We are defining a foundation for data visualization based on the idea that a visualization process is a function from a set of data objects, called a data model, to a set of displays, called a display model. A prototype system called VIS-AD has been implemented based upon our ideas.
We are guided by the following principles:
We can define an order relation between data objects based on how precisely they approximate mathematical objects, and we can define an order relation between displays based on how precisely they approximate ideal displays (i.e., based on voxel resolution, etc.). These order relations define lattices of data objects and displays. Therefore we can model the visualization process as a function D:U --> V from a lattice U of data objects to a lattice V of displays. We can interpret the expressiveness conditions in this context and show that D satisfies the expressiveness conditions if and only if it is a lattice isomorphism.
We can define a particular lattice US appropriate for scientific data objects. These data objects are built up from primitive variables that we call scalars (e.g., time, latitude, radiance, and temperature) by tuple and array data type constructors (e.g., "array[time] of temperature" is a data type appropriate for a time series of temperatures). Thus the lattice US contains the data objects of a scientific programming language. We can also define a particular lattice VV of displays, in which a display is a set of voxels. Each voxel is specified by a set of graphics primitives that we call display scalars, e.g., a pixel's location and size in a volume, its color, and its place in an animation sequence.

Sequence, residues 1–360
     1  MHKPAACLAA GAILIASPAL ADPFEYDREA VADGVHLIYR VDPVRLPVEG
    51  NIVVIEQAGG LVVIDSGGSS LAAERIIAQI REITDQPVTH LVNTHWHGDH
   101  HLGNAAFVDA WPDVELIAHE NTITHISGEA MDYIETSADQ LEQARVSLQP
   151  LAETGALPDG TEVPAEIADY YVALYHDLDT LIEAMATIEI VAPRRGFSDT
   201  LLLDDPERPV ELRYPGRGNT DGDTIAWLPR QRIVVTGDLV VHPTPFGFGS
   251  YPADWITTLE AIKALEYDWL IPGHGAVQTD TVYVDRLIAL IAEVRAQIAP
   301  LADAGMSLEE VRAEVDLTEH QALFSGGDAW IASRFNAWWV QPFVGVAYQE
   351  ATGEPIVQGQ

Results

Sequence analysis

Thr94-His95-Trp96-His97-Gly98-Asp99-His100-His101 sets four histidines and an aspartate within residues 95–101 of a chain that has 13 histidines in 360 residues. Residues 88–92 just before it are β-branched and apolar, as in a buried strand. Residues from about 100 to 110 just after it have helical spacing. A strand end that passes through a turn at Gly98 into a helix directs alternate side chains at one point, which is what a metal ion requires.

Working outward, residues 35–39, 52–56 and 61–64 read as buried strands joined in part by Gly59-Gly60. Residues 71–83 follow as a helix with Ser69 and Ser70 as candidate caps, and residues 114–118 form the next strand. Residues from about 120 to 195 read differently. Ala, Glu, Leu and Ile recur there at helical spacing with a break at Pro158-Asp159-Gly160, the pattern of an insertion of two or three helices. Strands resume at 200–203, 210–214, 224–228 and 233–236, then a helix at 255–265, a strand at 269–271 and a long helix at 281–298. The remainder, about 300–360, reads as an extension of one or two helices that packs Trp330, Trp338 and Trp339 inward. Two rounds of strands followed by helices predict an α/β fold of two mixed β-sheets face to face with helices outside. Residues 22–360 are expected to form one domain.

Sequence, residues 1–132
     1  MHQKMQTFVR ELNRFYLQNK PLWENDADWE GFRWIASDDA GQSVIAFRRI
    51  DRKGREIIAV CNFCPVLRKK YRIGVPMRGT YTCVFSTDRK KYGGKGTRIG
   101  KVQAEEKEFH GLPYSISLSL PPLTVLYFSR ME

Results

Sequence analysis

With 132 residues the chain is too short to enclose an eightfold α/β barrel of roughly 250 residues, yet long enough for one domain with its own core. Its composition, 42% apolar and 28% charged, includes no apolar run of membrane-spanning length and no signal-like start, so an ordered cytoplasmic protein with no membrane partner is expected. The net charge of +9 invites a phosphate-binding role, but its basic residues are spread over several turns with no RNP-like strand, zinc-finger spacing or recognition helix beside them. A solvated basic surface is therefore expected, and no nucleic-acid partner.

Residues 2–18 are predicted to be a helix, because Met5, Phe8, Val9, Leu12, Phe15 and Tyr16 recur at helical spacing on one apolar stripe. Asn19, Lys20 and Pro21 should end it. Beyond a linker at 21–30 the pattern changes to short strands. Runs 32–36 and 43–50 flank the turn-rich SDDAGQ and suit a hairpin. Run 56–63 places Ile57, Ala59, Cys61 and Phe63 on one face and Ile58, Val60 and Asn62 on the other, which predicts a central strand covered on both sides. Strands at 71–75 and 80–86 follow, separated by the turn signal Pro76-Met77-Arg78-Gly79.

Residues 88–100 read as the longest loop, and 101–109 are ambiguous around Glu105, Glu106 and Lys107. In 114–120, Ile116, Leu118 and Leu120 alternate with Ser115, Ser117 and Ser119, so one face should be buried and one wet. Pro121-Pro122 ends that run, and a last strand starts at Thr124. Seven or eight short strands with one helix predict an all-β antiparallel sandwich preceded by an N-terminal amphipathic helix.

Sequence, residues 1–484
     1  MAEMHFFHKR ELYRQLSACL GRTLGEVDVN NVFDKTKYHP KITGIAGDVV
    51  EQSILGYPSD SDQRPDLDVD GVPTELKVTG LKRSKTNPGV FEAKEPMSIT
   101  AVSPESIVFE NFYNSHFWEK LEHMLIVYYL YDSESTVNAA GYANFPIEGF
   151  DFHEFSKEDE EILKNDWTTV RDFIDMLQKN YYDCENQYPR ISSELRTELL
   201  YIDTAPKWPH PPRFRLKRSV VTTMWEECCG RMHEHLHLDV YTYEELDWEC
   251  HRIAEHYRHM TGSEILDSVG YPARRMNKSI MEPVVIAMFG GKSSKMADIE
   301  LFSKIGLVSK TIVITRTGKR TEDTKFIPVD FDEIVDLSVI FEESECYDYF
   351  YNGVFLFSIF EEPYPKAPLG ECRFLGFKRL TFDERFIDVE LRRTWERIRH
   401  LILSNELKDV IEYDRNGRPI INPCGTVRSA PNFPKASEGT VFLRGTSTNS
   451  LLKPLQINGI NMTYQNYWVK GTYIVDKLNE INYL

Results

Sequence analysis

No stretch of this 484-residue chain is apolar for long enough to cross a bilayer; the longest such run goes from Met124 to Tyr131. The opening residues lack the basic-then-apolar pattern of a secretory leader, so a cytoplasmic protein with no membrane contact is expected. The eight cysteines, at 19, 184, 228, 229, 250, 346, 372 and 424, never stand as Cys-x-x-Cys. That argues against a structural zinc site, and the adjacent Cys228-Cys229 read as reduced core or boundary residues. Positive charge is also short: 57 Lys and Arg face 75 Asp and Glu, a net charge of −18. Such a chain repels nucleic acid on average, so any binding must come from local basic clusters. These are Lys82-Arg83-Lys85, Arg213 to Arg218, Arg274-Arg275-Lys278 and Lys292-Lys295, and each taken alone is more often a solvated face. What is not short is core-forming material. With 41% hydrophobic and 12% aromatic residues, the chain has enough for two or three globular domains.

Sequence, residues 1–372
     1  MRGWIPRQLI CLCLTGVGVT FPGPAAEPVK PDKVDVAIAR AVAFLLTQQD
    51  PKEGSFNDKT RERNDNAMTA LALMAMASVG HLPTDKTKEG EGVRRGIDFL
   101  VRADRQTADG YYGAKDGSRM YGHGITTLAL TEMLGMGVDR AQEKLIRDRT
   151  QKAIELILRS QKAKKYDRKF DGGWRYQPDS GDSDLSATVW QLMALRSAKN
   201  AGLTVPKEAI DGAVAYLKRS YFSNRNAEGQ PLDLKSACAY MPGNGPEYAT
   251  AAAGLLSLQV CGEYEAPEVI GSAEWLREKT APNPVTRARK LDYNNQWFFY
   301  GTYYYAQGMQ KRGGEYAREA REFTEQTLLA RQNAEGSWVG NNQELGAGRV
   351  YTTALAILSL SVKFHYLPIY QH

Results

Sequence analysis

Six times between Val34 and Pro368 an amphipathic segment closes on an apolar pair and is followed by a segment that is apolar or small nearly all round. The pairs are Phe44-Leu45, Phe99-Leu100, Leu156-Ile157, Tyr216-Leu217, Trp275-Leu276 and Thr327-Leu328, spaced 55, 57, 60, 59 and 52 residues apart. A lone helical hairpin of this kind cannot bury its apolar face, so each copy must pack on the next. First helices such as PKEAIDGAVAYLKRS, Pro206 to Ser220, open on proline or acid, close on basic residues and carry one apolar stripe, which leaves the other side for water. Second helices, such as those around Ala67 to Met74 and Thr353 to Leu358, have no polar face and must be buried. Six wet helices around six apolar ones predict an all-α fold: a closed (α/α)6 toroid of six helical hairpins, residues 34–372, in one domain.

We can show that functions D: US --> VV satisfying the expressiveness conditions are just the class of functions defined by mappings from the scalars used for primitive variables in data objects to the display scalars that specify graphics primitives of voxels. Of course, designers of scientific displays already assume that primitive variables are mapped to graphics primitives. For example, given a data object of type "array[time] of temperature", it is natural to display it as a graph with time along one axis and temperature along another. The remarkable thing is that we do not have to take this way of designing displays as an assumption, but that it is a consequence of the more fundamental expressiveness conditions.
We are developing and implementing a system called VIS-AD that allows scientists to experiment with algorithms, steer their computations, and visualize the data objects they create in their programs. The lattice US defines the data objects of the VIS-AD programming language, the system implements the lattice VV of displays, and data can be displayed using any function that satisfies the expressiveness conditions (however, the implementation is not quite precise). Just as data flow systems define a user interface for controlling data display based on abstraction of the rendering pipeline, the VIS-AD system defines a user interface for controlling data display based on the abstraction of mappings from scalars to display scalars.
It is possible to define data lattices for the recursively defined data types (i.e., complex linked types such as trees) used in general-purpose programming languages, and for the abstract data types and object classes in object-oriented programming languages.
Lattices provide a rigorous foundation for visualization. In particular, they can help us to develop an analytical alternative to the usual approach of defining a visualization process D constructively by writing a special-purpose program for computing a display D(u) for a specific data object u.